The clouds shrank before the setting moon this morning, huddling over Waialeale as Koko and I went walking. I missed the little bit of eclipse that was visible in Hawaii, but a friend said he saw the moon rising while paddling in at Hanalei last night, and it looked like the Cookie Monster had bit a piece out of the top.
Meanwhile, rat number two bit the bait and got caught in the trap, and was dispatched before the sun rose, then laid to rest under the camphor tree.
The Pacific Business News reported yesterday that Hawaii Superferry will be laid up for three weeks longer than expected.
It was taken out of service Feb. 13 and set to return March 3, but that date had been extended to March 25 "due to damage to Alakai's hull that occurred during the drydocking process and additional maintenance that was identified while the vessel has been in drydock."
The Advertiser expanded on the story this morning, quoting Hawaii Superferry president and CEO John Garibaldi as saying “the rudder problem is the result of a design flaw, and that staff from shipbuilder Austal USA came to Honolulu to assist with repairs, which involve strengthening the metal around the housing.
Apparently a a similar vessel built by Austal recently experienced the same rudder trouble. But no worries. The big boat is still under warranty, and these repairs are covered.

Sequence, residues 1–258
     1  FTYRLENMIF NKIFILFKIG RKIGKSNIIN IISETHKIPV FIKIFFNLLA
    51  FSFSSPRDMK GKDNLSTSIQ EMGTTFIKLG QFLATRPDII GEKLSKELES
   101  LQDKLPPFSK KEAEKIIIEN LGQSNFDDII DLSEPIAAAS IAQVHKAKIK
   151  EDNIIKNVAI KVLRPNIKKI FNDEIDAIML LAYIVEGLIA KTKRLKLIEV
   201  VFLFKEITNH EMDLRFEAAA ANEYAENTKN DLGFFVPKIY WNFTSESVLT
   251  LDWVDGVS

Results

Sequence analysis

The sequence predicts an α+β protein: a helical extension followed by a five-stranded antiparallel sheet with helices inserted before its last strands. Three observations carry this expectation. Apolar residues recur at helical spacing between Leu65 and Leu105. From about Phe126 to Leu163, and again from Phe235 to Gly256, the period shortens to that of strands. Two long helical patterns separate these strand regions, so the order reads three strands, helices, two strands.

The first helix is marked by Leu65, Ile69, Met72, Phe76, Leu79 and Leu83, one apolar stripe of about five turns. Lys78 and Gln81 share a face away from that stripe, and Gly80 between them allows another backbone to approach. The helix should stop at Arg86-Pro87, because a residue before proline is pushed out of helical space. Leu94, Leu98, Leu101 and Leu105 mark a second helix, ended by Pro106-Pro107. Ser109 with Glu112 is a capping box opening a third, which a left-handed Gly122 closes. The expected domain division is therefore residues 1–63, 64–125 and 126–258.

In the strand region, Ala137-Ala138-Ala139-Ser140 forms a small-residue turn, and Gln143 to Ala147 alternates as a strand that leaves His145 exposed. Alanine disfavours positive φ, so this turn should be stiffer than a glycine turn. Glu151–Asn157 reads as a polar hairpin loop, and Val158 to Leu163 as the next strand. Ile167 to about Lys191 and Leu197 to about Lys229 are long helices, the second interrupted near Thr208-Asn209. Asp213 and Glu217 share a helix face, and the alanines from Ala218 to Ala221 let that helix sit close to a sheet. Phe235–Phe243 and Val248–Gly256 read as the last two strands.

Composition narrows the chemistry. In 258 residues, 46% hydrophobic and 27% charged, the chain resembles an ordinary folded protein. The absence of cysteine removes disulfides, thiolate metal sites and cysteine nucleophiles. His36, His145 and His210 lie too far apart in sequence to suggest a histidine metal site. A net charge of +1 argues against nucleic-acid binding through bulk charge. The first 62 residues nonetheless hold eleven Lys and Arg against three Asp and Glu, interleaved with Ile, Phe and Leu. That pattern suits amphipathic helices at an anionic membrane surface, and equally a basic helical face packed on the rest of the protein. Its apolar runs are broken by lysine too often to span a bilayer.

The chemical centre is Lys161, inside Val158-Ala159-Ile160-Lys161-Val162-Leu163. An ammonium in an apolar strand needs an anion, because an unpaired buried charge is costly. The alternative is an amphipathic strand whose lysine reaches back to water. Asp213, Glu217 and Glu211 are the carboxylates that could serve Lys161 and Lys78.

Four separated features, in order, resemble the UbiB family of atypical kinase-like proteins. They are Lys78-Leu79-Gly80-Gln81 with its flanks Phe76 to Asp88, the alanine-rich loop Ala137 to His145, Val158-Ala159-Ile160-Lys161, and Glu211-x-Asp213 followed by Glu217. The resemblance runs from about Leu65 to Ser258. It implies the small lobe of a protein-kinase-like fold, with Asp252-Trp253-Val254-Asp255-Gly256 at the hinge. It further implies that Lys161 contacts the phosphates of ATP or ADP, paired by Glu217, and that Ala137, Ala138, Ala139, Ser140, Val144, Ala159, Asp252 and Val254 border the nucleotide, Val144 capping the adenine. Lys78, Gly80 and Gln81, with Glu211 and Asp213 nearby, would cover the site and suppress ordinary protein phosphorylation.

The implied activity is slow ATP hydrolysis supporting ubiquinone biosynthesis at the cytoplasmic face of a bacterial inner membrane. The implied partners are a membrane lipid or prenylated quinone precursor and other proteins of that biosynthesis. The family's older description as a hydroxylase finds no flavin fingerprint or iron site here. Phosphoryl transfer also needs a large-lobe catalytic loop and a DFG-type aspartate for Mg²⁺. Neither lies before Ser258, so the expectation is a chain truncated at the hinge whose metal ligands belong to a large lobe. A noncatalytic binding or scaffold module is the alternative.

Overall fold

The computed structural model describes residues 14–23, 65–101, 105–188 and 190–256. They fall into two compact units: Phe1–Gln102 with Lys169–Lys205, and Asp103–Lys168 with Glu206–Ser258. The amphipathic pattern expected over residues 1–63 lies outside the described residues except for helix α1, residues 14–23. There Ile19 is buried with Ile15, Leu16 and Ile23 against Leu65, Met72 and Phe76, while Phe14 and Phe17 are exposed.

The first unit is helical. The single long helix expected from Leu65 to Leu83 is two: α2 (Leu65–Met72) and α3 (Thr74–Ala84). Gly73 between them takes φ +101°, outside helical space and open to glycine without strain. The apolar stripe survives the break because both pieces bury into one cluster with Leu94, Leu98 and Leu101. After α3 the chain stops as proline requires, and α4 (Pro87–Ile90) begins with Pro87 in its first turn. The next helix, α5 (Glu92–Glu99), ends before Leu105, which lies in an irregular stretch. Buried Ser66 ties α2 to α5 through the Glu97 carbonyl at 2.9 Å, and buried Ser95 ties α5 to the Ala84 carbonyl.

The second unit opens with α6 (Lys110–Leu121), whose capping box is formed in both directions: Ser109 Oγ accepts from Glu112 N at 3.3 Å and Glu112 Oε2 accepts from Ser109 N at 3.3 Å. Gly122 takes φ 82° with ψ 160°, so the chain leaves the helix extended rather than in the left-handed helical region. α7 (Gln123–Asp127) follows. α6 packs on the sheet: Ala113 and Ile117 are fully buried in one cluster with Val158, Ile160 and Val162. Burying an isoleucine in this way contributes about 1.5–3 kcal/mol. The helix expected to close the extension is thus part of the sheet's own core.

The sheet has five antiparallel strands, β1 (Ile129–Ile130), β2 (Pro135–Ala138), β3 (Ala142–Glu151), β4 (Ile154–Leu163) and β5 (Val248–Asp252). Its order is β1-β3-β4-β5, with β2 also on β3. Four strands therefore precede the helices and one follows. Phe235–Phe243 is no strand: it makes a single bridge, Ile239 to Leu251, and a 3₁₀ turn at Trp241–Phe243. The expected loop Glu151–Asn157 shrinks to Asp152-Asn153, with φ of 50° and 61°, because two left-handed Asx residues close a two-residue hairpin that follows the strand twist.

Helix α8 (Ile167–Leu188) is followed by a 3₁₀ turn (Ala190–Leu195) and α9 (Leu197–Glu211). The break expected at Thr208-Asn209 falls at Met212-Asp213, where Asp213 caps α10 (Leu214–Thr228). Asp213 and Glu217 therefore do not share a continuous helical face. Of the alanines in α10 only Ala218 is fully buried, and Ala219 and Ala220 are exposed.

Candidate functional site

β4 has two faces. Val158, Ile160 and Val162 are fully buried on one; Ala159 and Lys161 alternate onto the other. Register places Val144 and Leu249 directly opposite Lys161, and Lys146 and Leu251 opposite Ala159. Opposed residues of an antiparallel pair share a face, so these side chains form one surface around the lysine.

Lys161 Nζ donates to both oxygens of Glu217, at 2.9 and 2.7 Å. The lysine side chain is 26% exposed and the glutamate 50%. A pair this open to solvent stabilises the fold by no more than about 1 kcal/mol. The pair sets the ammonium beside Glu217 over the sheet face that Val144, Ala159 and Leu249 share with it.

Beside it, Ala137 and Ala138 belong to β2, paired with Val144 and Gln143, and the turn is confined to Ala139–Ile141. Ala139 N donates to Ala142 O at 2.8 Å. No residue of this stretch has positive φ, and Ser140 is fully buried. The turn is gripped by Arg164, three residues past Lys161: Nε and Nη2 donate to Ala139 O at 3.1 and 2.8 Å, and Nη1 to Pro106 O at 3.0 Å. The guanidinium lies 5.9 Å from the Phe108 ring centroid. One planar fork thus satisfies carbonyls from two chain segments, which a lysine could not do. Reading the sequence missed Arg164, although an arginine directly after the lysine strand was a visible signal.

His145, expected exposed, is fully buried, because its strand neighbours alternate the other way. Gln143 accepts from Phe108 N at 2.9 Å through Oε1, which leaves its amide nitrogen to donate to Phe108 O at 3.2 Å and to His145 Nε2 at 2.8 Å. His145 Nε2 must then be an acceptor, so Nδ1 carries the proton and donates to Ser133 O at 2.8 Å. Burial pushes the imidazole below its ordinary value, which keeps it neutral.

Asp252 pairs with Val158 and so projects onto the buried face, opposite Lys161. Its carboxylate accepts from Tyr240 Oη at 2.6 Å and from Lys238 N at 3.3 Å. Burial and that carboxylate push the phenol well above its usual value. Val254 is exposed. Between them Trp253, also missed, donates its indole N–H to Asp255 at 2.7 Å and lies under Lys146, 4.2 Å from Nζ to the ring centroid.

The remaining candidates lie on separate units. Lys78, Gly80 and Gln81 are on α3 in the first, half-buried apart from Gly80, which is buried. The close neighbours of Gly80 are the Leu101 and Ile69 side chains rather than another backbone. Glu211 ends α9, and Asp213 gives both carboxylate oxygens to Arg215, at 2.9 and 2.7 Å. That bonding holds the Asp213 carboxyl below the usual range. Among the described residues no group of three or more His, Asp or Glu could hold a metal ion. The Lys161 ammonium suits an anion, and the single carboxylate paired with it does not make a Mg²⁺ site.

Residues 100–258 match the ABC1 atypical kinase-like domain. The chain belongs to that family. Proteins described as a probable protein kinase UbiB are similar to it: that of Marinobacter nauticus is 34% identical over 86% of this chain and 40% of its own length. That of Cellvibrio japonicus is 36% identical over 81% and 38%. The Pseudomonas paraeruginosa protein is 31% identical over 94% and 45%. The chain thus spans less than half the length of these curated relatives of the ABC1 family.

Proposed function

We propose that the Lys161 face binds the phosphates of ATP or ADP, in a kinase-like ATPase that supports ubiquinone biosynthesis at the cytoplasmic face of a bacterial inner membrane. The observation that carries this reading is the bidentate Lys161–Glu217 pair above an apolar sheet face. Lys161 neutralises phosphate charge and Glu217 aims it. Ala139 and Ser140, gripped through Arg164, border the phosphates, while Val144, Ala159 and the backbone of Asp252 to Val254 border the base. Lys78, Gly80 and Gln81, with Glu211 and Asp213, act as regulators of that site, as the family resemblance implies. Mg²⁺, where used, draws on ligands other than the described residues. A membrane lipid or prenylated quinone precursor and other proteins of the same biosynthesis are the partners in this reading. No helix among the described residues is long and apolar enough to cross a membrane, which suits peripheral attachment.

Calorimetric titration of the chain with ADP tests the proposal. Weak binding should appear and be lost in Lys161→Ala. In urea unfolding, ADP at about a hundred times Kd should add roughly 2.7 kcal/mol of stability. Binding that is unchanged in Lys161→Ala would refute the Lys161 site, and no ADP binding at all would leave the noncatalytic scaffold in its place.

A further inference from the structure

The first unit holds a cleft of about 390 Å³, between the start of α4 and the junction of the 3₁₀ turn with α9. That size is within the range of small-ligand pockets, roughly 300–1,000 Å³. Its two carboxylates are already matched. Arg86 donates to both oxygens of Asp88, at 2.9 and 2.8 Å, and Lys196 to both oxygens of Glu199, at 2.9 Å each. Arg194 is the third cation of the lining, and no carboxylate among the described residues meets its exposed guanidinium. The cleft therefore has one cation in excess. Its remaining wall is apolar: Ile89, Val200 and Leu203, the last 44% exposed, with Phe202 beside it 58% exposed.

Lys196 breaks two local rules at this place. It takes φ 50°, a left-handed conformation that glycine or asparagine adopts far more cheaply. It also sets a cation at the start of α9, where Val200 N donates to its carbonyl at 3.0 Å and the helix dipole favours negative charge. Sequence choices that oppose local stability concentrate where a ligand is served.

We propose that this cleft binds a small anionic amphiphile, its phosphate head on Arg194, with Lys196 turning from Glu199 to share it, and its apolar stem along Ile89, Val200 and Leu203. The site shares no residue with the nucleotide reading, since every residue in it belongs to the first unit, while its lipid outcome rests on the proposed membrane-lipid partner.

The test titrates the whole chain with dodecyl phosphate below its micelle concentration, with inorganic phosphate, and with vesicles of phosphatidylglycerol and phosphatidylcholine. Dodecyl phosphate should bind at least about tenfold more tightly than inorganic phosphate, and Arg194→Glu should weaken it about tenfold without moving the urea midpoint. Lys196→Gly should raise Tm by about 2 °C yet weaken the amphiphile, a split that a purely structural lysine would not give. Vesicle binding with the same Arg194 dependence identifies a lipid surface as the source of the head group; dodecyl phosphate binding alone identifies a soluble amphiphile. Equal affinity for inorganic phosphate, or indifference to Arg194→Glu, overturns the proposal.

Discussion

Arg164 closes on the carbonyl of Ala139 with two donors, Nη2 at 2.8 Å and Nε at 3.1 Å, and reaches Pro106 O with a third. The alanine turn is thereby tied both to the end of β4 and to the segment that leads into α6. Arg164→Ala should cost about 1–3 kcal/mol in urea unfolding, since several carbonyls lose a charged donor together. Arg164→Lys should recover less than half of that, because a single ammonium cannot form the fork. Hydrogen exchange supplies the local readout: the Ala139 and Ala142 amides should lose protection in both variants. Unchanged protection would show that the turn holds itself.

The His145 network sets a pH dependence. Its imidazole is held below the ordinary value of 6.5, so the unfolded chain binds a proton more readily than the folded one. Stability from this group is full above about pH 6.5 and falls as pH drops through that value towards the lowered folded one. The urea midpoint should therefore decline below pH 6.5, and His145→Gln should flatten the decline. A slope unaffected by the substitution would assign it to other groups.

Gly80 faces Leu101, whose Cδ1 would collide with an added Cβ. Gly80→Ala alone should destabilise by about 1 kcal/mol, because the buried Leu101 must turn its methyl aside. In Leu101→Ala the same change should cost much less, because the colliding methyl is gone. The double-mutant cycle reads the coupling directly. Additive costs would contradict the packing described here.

Speaking of boats, Brad Parsons of Maui has been diligently researching China’s foray into high speed catamarans for military purposes.
As you may recall from earlier posts in this blog, the U.S. military is pushing to develop similar small, versatile craft known as Joint High Speed Vessels (JHSV) and Littoral Combat Ships (LCS) precisely because of perceived threats from China. But that program has been dogged by the usual delays and cost overruns.
Now it seems that China has apparently beat America to the punch with a missile-armed catamaran designed by an Australian company, AMD. Meanwhile, another Australian company, Austal, is also building an LCS for the American Navy and has bid on a JHSV design contract, for which Hawaii Superferry could be a prototype.
Interesting how the Aussies are working both sides of the street. Of course, they’re not alone in that approach. What’s the old saying? All is fair in love and war — including, it seems, the means for making both.